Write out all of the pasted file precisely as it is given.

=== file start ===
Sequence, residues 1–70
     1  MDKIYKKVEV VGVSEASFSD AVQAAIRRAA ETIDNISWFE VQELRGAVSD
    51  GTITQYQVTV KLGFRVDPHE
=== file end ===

Sequence, residues 1–70
     1  MDKIYKKVEV VGVSEASFSD AVQAAIRRAA ETIDNISWFE VQELRGAVSD
    51  GTITQYQVTV KLGFRVDPHE